Once the computer simulation was developed, it was extensively verified during a two month onsite visit to ensure that it accurately matched mill results. With an accurate and verified process simulation of the entire mill in place, the various problems could be clearly and concisely defined, and resolution scenarios evaluated, using the model. The overall impact of one change or even numerous changes on the entire mill could be accurately predicted, and the extensive verification of the model allowed a high level of confidence in the predicted results.

The millwide process simulation was coupled with Pinch analysis, a new thermodynamic concept that identifies all process cold streams in a mill that require heating, and all hot effluent streams that can supply heat. SodeXpro/Pragmathic of Quebec was subcontracted to develop the Pinch analysis.

Using Pinch analysis, data was extracted from the verified computer simulation mass and energy balance. Hot and cold composite curves, developed from the extracted data, were used to define the Pinch temperature. Using a very systematic approach, heat exchangers are used to match the cold streams that require heating versus the available hot effluent streams. Pinch analysis allows the theoretical optimum energy performance of a complex mill or system to be defined.

As a result of the computer simulation and Pinch analysis, over a dozen energy conservation opportunities were identified along with savings and order of magnitude cost estimates. After evaluating and selecting the desired projects, Quesnel River Pulp retained Duncan Industrial Engineering, Utility and Recovery Engineering, Johnstone Boiler and Tank, and Claus Engineering for the project implementation, which included the following.

Effluent Heat Exchanger Cleaning

Three shell and tube heat exchangers are used to reclaim heat from the effluent. These exchangers are very large (three to four feet in diameter and over 30 feet in length) with an exchanger area of about 6,500 square feet each. The computer simulation confirmed that the heat transfer coefficient had fallen to about 25% of the original design due to fouling over the years.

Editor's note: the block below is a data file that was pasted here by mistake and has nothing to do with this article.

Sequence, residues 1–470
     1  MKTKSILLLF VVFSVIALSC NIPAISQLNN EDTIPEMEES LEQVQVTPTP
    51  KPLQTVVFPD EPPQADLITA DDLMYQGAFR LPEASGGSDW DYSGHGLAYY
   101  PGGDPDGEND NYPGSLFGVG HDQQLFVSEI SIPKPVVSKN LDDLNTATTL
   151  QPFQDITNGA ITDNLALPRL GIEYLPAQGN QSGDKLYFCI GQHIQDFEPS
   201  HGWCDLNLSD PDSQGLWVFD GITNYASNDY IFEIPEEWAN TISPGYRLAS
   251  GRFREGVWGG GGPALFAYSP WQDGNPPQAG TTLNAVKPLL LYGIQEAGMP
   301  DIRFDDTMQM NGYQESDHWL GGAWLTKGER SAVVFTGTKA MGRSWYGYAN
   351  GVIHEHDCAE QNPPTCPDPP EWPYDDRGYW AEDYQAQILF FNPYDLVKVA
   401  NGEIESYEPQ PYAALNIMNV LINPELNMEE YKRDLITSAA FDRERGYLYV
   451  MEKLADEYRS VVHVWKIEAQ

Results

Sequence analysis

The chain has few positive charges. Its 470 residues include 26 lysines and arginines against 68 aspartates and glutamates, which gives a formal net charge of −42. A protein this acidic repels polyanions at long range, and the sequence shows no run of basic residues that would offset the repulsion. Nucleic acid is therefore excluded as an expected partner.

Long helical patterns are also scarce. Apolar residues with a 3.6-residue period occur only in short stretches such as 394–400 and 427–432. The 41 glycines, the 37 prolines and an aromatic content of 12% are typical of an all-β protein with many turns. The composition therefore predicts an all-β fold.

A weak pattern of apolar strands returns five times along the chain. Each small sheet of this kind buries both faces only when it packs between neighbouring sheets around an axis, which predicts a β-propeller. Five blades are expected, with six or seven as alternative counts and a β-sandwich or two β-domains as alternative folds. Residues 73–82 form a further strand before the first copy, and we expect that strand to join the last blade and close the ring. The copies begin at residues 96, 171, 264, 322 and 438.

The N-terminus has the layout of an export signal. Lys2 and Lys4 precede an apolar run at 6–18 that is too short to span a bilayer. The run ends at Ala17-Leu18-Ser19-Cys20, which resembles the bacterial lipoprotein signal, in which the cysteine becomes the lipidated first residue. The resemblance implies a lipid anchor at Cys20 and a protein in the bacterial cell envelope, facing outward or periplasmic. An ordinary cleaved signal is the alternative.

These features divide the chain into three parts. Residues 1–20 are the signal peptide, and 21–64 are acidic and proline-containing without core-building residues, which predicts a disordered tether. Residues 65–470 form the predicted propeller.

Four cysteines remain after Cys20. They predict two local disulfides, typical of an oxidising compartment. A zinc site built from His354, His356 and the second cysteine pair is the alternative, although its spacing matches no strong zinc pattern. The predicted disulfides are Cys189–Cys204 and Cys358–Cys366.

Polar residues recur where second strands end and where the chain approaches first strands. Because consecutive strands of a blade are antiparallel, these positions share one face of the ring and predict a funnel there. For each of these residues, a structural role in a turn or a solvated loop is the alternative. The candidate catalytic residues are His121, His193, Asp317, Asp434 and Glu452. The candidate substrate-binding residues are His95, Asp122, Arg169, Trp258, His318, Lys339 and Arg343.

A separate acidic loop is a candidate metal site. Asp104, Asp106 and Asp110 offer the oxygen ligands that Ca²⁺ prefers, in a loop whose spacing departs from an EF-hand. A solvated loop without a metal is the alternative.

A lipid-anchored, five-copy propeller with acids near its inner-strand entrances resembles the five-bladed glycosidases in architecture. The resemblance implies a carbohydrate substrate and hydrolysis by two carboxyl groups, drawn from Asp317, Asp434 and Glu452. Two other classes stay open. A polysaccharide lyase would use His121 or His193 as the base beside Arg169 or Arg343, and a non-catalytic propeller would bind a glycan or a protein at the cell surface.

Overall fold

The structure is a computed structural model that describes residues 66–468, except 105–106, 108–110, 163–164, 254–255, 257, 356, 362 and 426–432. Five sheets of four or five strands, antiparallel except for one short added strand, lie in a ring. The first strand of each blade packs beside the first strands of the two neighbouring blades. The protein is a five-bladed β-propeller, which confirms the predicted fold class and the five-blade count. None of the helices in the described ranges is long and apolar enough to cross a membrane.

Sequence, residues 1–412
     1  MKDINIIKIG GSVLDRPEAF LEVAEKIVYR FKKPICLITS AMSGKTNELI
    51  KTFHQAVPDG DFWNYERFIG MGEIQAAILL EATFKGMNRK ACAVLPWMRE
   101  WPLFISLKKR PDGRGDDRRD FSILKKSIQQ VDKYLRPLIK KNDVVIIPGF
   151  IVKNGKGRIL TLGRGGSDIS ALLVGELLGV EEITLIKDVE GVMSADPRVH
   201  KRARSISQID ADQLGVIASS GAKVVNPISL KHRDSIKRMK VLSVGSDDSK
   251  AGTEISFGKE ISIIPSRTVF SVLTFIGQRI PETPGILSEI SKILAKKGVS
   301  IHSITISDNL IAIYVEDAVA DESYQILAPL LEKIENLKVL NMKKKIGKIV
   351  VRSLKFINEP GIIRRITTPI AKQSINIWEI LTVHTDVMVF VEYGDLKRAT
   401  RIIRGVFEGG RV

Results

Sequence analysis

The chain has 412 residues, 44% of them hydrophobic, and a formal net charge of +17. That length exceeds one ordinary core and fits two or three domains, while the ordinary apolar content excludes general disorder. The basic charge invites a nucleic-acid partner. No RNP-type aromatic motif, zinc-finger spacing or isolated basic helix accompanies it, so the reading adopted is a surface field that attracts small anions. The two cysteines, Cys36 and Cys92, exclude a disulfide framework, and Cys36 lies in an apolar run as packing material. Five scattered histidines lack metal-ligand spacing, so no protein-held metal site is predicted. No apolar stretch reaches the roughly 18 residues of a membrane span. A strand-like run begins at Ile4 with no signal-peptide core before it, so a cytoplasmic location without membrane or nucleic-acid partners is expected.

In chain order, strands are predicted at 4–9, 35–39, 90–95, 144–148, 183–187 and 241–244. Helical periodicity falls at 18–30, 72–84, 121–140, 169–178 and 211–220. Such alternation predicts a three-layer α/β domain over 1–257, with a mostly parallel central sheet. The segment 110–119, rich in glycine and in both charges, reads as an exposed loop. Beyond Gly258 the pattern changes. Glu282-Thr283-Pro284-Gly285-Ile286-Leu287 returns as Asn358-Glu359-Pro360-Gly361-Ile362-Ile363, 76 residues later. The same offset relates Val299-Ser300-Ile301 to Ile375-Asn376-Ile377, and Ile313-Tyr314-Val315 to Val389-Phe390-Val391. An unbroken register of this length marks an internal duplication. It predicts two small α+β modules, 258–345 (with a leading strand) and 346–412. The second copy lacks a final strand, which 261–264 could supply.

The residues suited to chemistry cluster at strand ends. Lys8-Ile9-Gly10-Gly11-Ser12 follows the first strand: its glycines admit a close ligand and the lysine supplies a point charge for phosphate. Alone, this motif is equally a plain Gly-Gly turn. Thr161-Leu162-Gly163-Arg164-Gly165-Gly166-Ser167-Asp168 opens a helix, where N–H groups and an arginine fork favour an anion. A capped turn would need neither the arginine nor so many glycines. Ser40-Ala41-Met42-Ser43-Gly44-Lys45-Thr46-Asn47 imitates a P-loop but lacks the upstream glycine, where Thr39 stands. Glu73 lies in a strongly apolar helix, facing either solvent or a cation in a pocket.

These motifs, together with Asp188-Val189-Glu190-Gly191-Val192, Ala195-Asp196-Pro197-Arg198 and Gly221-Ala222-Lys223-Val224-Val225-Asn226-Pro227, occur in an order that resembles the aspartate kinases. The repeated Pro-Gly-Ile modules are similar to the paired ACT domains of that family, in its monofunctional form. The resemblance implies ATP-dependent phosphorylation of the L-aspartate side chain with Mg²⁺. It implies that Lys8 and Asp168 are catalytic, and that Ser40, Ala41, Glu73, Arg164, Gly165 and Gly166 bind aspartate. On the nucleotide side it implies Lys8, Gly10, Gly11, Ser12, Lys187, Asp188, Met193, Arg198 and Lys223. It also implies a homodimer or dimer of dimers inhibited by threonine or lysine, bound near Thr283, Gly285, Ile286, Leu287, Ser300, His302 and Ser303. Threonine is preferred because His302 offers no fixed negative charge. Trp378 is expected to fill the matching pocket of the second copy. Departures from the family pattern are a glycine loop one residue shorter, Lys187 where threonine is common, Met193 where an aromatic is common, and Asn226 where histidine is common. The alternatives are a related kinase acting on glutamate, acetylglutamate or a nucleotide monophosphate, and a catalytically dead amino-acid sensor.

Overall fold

The exchangers underwent chemical cleaning to improve the heat transfer rate to the point that fresh water for effluent cooling was no longer required. This improvement also served to transfer heat from the effluent into the mill process, reducing steam requirements. The effluent temperature, with the cold fresh water shut off, was reduced by 1-2oC, providing a significant safety margin for the environmental effluent temperature permit while reducing freshwater usage by 9%.

Boiler Feedwater Preheating

Demineralized fresh water is used as makeup to the package steam boiler. A new spiral heat exchanger was installed to preheat the makeup using hot effluent. This significantly reduced the steam required at the boiler deaerator, in turn reducing steam requirements from the package boiler along with its gas fuel requirements and greenhouse gas generation.

Glycol Heat Exchanger Utilization

Originally, energy in the dirty waste steam from pulp cyclones was designed to be recovered using glycol heat exchangers. The hot glycol was then to be used to preheat the air supply to the gas-fired flash dryers used for drying pulp production. A number of mechanical problems had resulted in much of this dirty steam being vented, requiring the gas-fired glycol boiler to make up the difference.

The computer simulation and Pinch analysis clearly defined the amount of energy available and the savings that could be achieved by resolving these mechanical problems. This information provided the impetus for the mill to address these problems, allowing the glycol boiler to be shut down and reducing natural gas consumption and greenhouse gas generation.